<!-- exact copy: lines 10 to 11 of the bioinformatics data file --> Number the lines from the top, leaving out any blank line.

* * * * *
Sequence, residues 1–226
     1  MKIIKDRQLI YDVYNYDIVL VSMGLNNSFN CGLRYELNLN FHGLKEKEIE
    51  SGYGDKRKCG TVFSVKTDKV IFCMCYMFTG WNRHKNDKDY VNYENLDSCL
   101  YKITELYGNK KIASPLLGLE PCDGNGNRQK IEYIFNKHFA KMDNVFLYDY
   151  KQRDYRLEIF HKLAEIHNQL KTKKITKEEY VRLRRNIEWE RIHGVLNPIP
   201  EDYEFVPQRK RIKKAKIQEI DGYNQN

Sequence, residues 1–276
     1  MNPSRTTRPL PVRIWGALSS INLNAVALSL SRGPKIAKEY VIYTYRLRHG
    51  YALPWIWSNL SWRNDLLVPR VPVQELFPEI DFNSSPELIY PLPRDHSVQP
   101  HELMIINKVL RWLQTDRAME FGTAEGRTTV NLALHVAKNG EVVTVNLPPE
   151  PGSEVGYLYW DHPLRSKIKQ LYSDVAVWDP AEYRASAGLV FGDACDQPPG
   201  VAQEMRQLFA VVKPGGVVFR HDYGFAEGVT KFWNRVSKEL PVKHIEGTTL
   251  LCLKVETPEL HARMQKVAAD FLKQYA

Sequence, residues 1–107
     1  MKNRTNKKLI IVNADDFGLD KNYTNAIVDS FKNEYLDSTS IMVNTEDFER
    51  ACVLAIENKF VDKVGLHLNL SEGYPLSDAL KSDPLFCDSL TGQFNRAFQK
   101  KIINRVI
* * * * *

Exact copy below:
   101  HELMIINKVL RWLQTDRAME FGTAEGRTTV NLALHVAKNG EVVTVNLPPE
   151  PGSEVGYLYW DHPLRSKIKQ LYSDVAVWDP AEYRASAGLV FGDACDQPPG